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Trash the dress idea: Jump in a pool 

Project:Life Photography's underwater photography sessions offer something different after the ceremony

Corinne VanVliet and Matt Terry - PROJECT:LIFE PHOTOGRAPHY
  • Project:Life Photography
  • Corinne VanVliet and Matt Terry

In the locker room of Huntersville Family Fitness & Aquatics, photographer Melissa Powell (of Project:Life Photography) laces up the corset of the wedding gown that Corinne, the model for the day's shoot, is wearing.

"Keep the straps on," Powell instructs patiently. "The water will pull down the dress, so she may need the support."

As Corinne runs her hand down the sheer, beaded bodice, someone asks her a question that probably should have been posed earlier.

"Hey. You can swim, right?"

On this cold December day, Corinne and her new husband Matt have agreed to take part in a "trash the dress" photography session.

The concept has been around for a number of years; many credit the trend to Las Vegas photographer John Michael Cooper, who, in 2001, was bored with traditional wedding photography and wanted to do something creative, something radical. Quite literally, in a "trash the dress" session, brides do another photography session after the ceremony and destroy their gowns in the name of art. One of Cooper's most astounding shots is of a bride whose dress is on fire (via the magic of Photoshop).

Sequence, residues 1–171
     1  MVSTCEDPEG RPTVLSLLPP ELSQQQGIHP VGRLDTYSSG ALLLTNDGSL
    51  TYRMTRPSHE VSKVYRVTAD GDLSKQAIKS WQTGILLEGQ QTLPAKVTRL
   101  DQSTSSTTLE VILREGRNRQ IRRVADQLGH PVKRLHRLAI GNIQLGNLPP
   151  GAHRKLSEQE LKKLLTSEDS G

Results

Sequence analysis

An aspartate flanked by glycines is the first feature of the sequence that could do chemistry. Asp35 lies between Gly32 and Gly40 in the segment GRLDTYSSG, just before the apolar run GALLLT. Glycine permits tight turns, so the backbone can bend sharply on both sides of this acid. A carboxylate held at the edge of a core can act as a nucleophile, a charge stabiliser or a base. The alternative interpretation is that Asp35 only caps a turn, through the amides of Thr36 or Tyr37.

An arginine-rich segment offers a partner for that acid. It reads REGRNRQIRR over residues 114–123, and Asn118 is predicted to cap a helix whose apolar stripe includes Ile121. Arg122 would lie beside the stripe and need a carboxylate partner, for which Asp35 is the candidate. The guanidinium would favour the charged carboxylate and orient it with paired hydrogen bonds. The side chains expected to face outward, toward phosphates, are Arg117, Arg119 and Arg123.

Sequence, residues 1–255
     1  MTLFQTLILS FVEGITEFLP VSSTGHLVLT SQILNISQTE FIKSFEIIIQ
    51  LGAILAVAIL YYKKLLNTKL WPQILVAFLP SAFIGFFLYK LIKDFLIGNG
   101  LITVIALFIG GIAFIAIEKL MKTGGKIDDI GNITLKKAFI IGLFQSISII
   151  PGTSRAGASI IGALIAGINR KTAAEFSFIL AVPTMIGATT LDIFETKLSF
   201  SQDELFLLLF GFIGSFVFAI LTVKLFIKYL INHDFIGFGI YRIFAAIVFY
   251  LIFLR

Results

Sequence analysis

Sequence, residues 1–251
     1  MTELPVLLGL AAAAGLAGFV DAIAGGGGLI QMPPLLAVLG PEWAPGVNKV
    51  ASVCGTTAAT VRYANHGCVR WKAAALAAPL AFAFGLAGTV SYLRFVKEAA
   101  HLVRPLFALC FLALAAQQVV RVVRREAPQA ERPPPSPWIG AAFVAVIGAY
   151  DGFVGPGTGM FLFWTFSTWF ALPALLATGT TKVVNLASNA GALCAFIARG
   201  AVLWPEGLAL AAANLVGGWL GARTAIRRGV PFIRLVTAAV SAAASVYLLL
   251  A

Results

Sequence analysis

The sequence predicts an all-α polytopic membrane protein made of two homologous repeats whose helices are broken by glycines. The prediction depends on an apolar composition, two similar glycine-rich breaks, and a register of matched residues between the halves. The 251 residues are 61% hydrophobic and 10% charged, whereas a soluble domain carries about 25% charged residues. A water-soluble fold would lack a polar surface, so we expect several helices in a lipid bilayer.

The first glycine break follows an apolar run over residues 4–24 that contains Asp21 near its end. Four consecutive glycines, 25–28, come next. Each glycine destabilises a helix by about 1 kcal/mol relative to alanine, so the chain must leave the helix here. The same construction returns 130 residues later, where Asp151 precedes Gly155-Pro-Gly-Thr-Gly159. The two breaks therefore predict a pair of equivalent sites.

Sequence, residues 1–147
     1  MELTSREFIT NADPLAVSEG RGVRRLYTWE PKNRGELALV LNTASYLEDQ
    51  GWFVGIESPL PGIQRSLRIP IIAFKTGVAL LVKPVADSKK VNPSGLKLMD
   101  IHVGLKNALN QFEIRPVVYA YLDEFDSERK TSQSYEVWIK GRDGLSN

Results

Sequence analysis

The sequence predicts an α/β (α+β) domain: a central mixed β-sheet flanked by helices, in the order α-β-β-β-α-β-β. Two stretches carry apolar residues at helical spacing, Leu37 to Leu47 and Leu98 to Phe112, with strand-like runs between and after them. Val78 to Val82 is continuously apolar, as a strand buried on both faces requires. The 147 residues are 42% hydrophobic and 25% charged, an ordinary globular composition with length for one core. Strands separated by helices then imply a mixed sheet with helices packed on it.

Nowadays, the "trash the dress" phenomenon may describe any kind of photography that depicts brides and grooms in a nontraditional setting.

For Powell and her husband Brian, who shoot weddings and related portraits together under Project:Life Photography, "trash the dress" translates to underwater photography. They've shot eight underwater sessions since 2011.

"We had seen pictures of some underwater models in big beautiful gowns, and we loved the way the water can create movement in the dress," Powell says. "We thought that it would be really fun to try that with a wedding dress."

Many brides might not be able to fathom "trashing" their dresses after spending hundreds, maybe thousands of dollars on the right gown. But Powell says depending on the material of the dress, oftentimes doing an underwater photography session won't hurt it. To date, none of their brides' dresses have been ruined.

"It's a really fun thing to do, to be able to put on the dress again and come away with photos that are completely different from your wedding," Powell says. "And depending on the dress, maybe not even having to trash it — still get to put it back in its box and keep it for your daughter."

To book your own underwater photography session, visit

{corinne & matt} trash the dress from amanda pagano on Vimeo.

Shout-out to Amanda Pagano of Isabel's Corner for putting together this awesome video.

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